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Adolescents, Parents Detail Diabetes ExperiencesPosted: Updated: Mar 29, 2016 11:24 PM
EDINBURG — Doctors are seeing a significant rise in the number of juvenile diabetes cases in the Rio Grande Valley.
Madison Ramirez is an 8-year-old living with Type 1 diabetes, formerly known as juvenile diabetes. She was diagnosed four years ago.
"She lost lots of weight; she started to urinate the bed at night,” said Cecilia Ramirez, Madison’s mother. “And, for a 4-year-old, that's kind of not normal, to urinate the bed every night.”
Madison was taken to the doctor.
“He did blood tests, and it took a couple of days,” said Eusebio Ramirez, Madison’s father. “He let us know, we needed to take her to the hospital right away, that she has Type 1 diabetes. So we were like, ‘What's that?’”
Pediatric Endocrinologist Jose David Gamez said, “Type 1, the juvenile diabetes, is when your pancreas, which is the organ behind your stomach that produces insulin, stops producing insulin. When you don't have insulin, you don't control your blood sugars. I have to give you the insulin."
Every day, three times a day, Madison Ramirez heads to the nurses office to get her insulin shot. Day after day, they give her insulin or a little snack, depending on what her blood sugar reading demands.
Madison is one of an estimated 1,750 children in the Rio Grande Valley with Type 1 diabetes. This type of diabetes can’t be predicted or cured. It can only be controlled.
Some parents wonder what they could’ve done differently.
"The first thing that I have to be 100 percent sure is to take that load off their backs,” Dr. Gamez said. “A lot of times they feel guilty. ‘What did I do to cause this in my kid?’ Nothing. In Type 1 diabetes, that process, we cannot stop it."
Angel Gomez is one of a growing number of young people to be diagnosed with Type 2 diabetes. He was only 13 years old when his health problems began.
"My weight, I started feeling tired all of the sudden, stuff on my neck, like lines,” he said.
"He was always tired, sleeping,” said Irene Hernandez, Angel Gomez’s mother. “If we were in the car, he would fall asleep. In the house, he was always asleep, always tired. (He) never wanted to do anything."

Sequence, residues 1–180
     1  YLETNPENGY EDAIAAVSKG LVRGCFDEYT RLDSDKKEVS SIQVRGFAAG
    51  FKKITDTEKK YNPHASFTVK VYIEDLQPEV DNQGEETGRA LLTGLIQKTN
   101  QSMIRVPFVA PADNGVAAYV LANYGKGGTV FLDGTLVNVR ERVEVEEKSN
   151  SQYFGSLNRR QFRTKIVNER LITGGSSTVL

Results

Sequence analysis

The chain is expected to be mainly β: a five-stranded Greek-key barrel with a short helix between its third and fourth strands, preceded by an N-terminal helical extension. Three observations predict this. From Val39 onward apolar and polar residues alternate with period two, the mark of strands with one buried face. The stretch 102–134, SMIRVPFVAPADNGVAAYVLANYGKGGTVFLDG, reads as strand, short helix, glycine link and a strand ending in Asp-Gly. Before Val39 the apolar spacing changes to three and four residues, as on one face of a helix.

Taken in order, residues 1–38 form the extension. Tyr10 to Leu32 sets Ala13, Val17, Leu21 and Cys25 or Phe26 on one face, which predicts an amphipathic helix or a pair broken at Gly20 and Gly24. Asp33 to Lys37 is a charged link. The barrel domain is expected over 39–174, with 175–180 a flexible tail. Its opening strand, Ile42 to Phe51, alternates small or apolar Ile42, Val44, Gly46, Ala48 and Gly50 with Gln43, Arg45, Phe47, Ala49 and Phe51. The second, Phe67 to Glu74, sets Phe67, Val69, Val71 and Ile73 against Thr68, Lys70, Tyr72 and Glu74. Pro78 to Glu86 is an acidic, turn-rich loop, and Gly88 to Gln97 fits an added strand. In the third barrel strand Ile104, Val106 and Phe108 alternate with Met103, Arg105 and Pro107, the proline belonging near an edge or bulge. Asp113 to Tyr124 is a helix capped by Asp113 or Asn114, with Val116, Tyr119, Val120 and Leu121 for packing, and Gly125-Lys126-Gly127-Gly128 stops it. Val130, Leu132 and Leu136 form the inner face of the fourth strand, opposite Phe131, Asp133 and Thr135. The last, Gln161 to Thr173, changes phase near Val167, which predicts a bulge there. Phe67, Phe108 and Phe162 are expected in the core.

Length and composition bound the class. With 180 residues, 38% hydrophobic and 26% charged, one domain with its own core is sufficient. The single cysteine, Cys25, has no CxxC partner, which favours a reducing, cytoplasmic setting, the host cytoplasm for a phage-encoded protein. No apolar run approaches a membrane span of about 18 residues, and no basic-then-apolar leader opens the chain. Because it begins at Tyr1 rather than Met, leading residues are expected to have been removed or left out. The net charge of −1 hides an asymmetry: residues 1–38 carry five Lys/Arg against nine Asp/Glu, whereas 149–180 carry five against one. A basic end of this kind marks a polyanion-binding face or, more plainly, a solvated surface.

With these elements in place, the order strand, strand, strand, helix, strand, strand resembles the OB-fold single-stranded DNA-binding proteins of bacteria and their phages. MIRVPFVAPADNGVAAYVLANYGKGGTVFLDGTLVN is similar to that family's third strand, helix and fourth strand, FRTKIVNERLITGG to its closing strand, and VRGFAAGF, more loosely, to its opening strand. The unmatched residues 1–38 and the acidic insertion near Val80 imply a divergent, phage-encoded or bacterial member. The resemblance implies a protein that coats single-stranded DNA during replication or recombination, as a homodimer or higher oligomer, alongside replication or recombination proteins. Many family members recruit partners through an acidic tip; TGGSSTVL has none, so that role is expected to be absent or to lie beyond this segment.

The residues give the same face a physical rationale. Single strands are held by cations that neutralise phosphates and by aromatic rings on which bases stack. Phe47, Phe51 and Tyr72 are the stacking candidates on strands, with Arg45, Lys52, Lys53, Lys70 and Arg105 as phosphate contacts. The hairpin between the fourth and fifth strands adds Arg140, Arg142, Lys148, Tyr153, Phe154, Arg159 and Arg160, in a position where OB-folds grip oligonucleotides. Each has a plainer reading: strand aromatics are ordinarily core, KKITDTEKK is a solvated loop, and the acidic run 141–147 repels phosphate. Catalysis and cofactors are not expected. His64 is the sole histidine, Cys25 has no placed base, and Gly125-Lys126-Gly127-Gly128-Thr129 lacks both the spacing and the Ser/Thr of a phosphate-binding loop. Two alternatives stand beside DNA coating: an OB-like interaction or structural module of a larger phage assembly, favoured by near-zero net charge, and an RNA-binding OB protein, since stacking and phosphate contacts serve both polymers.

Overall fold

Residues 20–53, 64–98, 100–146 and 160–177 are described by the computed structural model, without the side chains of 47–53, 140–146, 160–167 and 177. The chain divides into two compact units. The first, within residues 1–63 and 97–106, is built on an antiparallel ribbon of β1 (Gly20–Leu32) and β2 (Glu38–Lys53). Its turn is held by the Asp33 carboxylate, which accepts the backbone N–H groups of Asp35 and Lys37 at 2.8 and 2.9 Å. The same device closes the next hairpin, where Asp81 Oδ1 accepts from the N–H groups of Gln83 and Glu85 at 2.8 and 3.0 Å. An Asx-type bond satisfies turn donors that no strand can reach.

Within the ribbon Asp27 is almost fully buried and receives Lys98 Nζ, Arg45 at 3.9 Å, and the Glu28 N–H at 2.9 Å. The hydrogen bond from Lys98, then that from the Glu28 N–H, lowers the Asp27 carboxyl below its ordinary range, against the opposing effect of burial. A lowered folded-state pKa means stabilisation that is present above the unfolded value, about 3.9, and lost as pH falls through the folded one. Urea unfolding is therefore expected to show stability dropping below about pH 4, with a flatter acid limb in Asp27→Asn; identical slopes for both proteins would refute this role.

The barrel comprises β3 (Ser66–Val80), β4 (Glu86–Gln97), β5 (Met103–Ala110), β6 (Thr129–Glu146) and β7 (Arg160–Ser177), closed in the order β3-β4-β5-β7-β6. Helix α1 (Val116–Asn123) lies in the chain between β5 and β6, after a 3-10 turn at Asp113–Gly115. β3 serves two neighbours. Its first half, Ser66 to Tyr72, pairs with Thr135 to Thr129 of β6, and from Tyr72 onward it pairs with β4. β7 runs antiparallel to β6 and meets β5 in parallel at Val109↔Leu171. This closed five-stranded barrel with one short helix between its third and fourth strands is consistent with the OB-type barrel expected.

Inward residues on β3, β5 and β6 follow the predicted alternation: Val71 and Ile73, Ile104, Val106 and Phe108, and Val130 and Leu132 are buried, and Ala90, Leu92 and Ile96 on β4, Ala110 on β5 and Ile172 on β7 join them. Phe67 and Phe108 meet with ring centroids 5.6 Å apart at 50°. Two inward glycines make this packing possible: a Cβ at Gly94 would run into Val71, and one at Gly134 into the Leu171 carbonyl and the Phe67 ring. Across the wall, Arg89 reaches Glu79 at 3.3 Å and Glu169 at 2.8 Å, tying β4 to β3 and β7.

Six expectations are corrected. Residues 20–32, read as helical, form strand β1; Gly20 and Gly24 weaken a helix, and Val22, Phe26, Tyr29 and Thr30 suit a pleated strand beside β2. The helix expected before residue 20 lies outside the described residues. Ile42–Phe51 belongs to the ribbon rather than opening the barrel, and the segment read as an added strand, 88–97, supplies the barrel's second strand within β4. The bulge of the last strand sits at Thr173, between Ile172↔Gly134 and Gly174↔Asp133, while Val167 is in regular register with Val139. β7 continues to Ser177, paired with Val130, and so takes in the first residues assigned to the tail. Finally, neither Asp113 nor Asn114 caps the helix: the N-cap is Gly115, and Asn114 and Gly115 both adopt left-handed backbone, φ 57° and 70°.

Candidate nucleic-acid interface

Dr. Gamez said, “One of the first things is when they start gaining weight. Your pancreas starts producing a lot of insulin, that state of too much insulin. You start producing darkening of the skin in the back of the neck. That's one of the first things."
Type 2 was once referred to as adult onset diabetes. It’s not something Angel Gomez thought he’d have to deal with.
Gomez said, “Part of me was like, ‘Nothing's going to happen to me.’ I didn't think that much of it. Everyone warns you, the doctors warn you. This is bad, you could die. I put it off, didn't think anything of it. I started thinking about it. It's a big thing."
Type 2 diabetes has become so important that the state now mandates children be screened in school for signs of diabetes.
"We are trying to identify those signs and symptoms early,” said Albert Lopez with Edinburg CISD. “Have the student go before a doctor, so a doctor can perform baseline assessments, perhaps even uncover pre-diabetes or perhaps even diabetes, and then take intervention."
The biggest indicators of Type 2 diabetes are weight gain and darkened skin on the back of the neck.
"That’s the first sign that you can take a look with your kids,” Dr. Gamez said. “If you see that the back of the neck, armpits, groins, let me know, we're going to do some blood work.”
Irene Hernandez said her son Angel Gomez went through a lengthy process. “They did sleep tests, many tests, and they were able to discover he had diabetes.”
“Socially and mentally, it's two things you have to fight,” Gomez said. “When you're out with friends and everyone is out eating pizza and burgers, you can't be doing that. You know, as much as you'd like to, you can't. It's hard,” he said. “Sometimes there were times when I didn't want to hang out with friends because the temptation was there."
Dr. Gamez said Type 2 diabetes goes hand-in-hand with obesity. “Now, with increasing rates of obesity in our children, in our kids, with the lifestyle changes we've seen over the last two decades, kids they don't go out, they don't play outside,” he said.
Experts said it’s the sedentary lifestyle and poor diet that leads to Type 2 diabetes showing up in children.
“The good news, and I always tell this to the parents, you can reverse that process,” Dr. Gamez said. “Change your habits and start eating healthy, start doing a lot of physical activity.”
Angel Gomez had bariatric surgery last year to get his weight under control. So far, he’s lost 80 pounds and his diabetes is in check.
"If i'm not careful, it'll come back,” he said. “The surgery diminishes the chances, because my stomach is super small.”
Gomez’s mom said, "So now that he is about to leave, to start his life in college, he has the knowledge and the ability to say ‘No, because this is not good for my health.’ That was very important for me. I feel happy and blessed to know that Angel, I can say thank you God, that Angel is diabetes-free."
As long as Gomez keeps his weight under control and maintains a healthy diet, the diabetes should stay away.
The South Texas Juvenile Diabetes Association helps families whose children have been diagnosed with diabetes. They help families cope with the devastating diagnosis. Their hotline is available 24 hours a day. The number to call is 956-583-2463.
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